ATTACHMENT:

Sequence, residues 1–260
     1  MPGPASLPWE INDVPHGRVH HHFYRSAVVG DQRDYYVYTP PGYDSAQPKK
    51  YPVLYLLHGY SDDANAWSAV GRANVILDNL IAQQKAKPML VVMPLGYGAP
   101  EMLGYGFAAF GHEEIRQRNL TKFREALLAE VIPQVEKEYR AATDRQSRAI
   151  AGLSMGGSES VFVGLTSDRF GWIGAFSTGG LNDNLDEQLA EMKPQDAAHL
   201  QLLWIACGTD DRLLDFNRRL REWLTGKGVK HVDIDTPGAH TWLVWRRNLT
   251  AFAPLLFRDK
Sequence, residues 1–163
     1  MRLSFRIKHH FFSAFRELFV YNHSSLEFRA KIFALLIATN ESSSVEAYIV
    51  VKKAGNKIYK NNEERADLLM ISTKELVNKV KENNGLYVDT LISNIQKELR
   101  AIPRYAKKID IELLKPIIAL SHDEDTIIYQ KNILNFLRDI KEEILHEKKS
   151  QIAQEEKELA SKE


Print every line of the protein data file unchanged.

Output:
Sequence, residues 1–260
     1  MPGPASLPWE INDVPHGRVH HHFYRSAVVG DQRDYYVYTP PGYDSAQPKK
    51  YPVLYLLHGY SDDANAWSAV GRANVILDNL IAQQKAKPML VVMPLGYGAP
   101  EMLGYGFAAF GHEEIRQRNL TKFREALLAE VIPQVEKEYR AATDRQSRAI
   151  AGLSMGGSES VFVGLTSDRF GWIGAFSTGG LNDNLDEQLA EMKPQDAAHL
   201  QLLWIACGTD DRLLDFNRRL REWLTGKGVK HVDIDTPGAH TWLVWRRNLT
   251  AFAPLLFRDK
Sequence, residues 1–163
     1  MRLSFRIKHH FFSAFRELFV YNHSSLEFRA KIFALLIATN ESSSVEAYIV
    51  VKKAGNKIYK NNEERADLLM ISTKELVNKV KENNGLYVDT LISNIQKELR
   101  AIPRYAKKID IELLKPIIAL SHDEDTIIYQ KNILNFLRDI KEEILHEKKS
   151  QIAQEEKELA SKE